I worry about my hair a lot; then I worry that this worrying will cause my hair to fall out. The masochistic, endless cycle of hair stress is only temporarily relieved on the sporadic moments I get a good haircut. My head has been shag-city for a good six months. I broke down in May and decided to give myself a big birthday haircut but was too charmed by my hairdresser and the constant supply of mimosas to achieve any sort of drastic change. It was the kind of haircut you had to announce to people. Realizing they hadn’t noticed I’d have to think of ways to casually integrate it into the conversation. “I’m so sorry to hear about your Grandmother. . .maybe you should treat yourself to a great trim like I did…today.”
While British rock bands and California surfers kept subliminally telling me to stick with it, it’s hard to ignore evidence to the contrary when it’s literally in front of your eyes. An experiment with a straighter let me know that my hair had the ability to reach to the tip of my nose but sans iron my hair curled up after a few inches, as if altering its natural route and reaching for the heavens. I resembled less of the rock bands I pretended to like and more of a slightly disheveled Florence Henderson.
Like a crotchety old man I like to blame the weather whenever slightly applicable and in the current crux of a Boston summer I find it’s easy to do just that. Whenever I’d be a particularly shaggy moment in my hair history my styling regime would consist of simply putting on a tight knitted hat post shower. The beanies acted as a sort of cast for my recklessly thick mane. Seeing as New England enjoys 6 month long winters it’s easy to use this method and still look like a sane part of society, but once the hellishly humid summers come wearing a knitted cap in 85 degree weather is less ironic and more idiotic. Not only was my hair corset seasonally unacceptable but with the increase in temperature came the increase in amount of cold, drawn out showers. Plagued with another catch-22 I accepted defeat and made an appointment, determined to rid myself of the hair that was not only attacking my head but attacking my ego as well.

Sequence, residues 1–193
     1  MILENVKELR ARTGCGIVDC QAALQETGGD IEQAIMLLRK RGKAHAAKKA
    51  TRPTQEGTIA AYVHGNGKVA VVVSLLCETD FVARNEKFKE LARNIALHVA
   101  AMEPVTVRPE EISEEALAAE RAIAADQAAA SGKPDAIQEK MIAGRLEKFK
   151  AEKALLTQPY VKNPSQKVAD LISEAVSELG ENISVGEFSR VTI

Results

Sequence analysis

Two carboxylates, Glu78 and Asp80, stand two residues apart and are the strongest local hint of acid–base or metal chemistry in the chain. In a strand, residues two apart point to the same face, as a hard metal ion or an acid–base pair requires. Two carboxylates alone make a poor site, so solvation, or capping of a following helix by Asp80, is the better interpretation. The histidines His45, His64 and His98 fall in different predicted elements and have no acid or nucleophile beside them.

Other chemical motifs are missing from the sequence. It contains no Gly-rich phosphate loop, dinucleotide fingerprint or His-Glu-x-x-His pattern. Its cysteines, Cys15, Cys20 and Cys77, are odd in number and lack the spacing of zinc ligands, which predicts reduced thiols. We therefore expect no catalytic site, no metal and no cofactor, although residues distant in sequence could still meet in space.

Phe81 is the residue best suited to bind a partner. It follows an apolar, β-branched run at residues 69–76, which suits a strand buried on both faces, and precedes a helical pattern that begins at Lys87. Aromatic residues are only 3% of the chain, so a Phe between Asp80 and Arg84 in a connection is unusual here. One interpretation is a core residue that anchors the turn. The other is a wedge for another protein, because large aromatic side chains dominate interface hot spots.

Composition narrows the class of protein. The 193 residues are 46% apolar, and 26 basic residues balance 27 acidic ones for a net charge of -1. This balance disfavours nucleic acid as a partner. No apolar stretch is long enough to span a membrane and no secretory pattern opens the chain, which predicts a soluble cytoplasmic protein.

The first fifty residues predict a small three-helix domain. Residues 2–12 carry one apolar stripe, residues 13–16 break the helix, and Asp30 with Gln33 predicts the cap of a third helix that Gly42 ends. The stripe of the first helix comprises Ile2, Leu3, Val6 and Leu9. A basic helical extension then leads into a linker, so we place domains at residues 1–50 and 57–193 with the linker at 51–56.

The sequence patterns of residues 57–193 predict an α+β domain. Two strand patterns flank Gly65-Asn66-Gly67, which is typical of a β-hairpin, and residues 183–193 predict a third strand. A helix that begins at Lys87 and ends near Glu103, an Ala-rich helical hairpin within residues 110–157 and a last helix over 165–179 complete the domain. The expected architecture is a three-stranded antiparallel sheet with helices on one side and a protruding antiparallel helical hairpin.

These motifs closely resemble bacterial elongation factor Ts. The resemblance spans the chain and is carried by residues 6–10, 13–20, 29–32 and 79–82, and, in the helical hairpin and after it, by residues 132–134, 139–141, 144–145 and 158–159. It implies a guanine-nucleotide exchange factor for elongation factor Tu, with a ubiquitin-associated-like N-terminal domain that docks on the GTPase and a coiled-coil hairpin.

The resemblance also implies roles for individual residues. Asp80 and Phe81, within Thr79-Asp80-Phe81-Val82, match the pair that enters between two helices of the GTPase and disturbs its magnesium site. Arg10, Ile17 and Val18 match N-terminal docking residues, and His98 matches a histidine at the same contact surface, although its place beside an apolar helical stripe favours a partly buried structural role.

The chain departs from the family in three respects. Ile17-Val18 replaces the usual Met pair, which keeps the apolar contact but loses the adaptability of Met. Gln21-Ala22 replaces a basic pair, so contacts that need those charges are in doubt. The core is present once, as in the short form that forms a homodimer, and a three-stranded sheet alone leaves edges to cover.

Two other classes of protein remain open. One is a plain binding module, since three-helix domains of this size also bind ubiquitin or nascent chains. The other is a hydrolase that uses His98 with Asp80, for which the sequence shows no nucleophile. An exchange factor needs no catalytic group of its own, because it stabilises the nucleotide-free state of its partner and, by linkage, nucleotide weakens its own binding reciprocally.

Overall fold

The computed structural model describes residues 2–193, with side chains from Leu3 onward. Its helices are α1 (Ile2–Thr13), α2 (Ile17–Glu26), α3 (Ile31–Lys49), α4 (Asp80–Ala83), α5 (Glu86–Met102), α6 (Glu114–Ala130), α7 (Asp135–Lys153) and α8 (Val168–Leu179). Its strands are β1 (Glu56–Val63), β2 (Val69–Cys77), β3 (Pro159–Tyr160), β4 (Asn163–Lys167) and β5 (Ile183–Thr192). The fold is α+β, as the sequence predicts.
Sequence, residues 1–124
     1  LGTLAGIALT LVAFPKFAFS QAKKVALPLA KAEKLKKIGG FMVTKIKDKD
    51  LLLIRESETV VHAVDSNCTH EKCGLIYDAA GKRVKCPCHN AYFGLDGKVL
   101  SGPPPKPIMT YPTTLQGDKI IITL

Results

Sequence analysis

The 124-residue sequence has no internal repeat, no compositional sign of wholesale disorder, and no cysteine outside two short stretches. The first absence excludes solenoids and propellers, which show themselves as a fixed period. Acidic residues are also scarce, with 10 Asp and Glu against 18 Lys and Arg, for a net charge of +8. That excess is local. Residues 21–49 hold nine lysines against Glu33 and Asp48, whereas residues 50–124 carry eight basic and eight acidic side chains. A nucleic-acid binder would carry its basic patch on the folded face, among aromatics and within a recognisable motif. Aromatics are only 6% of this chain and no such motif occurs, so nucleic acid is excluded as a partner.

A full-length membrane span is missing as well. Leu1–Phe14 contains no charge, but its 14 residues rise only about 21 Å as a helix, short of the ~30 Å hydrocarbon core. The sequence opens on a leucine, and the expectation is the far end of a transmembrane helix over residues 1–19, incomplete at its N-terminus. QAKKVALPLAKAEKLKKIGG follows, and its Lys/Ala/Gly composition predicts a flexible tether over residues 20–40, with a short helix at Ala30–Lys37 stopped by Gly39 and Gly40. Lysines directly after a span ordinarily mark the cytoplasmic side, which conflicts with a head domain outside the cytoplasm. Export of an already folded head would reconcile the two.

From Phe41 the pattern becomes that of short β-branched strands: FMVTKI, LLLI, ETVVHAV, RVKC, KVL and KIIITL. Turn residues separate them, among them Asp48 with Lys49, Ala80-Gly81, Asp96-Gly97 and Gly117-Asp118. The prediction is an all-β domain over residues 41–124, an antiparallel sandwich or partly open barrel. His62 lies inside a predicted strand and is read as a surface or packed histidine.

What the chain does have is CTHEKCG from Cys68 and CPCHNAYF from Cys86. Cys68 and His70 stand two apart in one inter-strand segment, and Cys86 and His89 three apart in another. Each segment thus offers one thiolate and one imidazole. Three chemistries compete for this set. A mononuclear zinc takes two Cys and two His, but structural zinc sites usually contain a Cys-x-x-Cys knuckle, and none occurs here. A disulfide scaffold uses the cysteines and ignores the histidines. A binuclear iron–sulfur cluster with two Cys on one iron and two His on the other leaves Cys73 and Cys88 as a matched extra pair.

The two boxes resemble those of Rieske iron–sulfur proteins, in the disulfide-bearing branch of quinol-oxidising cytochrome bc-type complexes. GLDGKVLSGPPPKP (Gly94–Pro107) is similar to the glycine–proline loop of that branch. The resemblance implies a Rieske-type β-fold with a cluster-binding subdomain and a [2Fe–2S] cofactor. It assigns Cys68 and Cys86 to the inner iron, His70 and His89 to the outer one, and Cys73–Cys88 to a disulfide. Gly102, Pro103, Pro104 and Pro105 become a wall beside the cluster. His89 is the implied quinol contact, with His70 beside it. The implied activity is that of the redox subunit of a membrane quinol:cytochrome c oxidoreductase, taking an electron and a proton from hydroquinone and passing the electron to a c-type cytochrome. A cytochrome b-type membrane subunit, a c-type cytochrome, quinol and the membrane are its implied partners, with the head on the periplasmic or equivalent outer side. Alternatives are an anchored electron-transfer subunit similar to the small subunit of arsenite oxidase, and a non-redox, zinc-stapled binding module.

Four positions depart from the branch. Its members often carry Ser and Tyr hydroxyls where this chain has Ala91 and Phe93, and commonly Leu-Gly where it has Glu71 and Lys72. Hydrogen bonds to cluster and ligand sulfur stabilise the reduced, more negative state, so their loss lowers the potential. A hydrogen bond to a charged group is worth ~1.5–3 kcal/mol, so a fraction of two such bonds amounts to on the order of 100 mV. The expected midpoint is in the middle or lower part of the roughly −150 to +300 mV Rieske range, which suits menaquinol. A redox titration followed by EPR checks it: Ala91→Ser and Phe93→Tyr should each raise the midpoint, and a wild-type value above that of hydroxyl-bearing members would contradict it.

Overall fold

This particular summer I’ve taken up temporary residence in a charming Cambridge apartment with friends. Moving from the sheltered life of on-campus housing to that of a “real-world” apartment I barely noticed anything except the ability to drink whenever possible and a kitchen that included more than a trashcan sized fridge and overused microwave. What I failed to see was that most real apartments don’t include auditorium sized laundry rooms that are hooked up to your campus account. Doing laundry on campus was not only easy, fast and practically free but you could check the availability of the machines via the Internet and get a message delivered to your phone when your load was done. I wasn’t just washing my clothes with Tide, I was washing my clothes with technology. In the real world I discovered my Laundromat was almost five blocks away and held hours that would make the average bank complain. Needless to say I found myself three weeks into dirty clothes and sheets and running out of creative solutions to the growing underwear epidemic.
The day of my haircut my dwindling clean laundry had me wearing pants tight and thin enough to be considered long underwear and an old t-shirt that passed the sniff test, finished off with patent leather dress shoes because the only clean socks I had were dress socks. Immediately after my haircut I purchased a new pair of underwear because it was the only realistic way I was going to have clean underwear the following morning. When I arrived at my appointment with Manny I mortified when his first question was “Do you need a wash?” I didn’t want to respond in sudden Bridget Jones like hysterics “Desperately, myself, my hair and every item of clothing and fabric in my room.” Fortunately he asked this right before he ran his hands through my hair which gave him all the assessment he needed, I wasn’t quite sure because I was in the euphoric stupor of a professional hair wash but he might have triple washed my hair and then triple washed his hands after.
When Manny asked what I wanted done I simply responded, “I’m sick of having long hair.”
He translated what I said into what he assumed I meant, “Okay so you want basically the same thing but shorter,” to which I corrected him by saying “much…much shorter”.
When he was finished I had a clean, almost militarily clean cut. While I was beyond pleased with trading in Florence Henderson for Joan of Arc it was what Manny said in the beginning of my cut that really pleased me. As he began he asked where I normally got my hair cut. I told him I usually wait long enough so that I can get it cut when I’m at home. Manny, dear sweet Manny, responded by asking if I was in a band and tour a lot. I’m not sure if it was the eccentric clothing, the bad hygiene or the uncontrollable shaggy hair but I finally got the comparison to the dirty, indie rock bands that romanticize the look I had stumbled my way upon. The only sound sweeter than Manny’s mistaken assumption was the sound of his scissors making sure it would never happen again.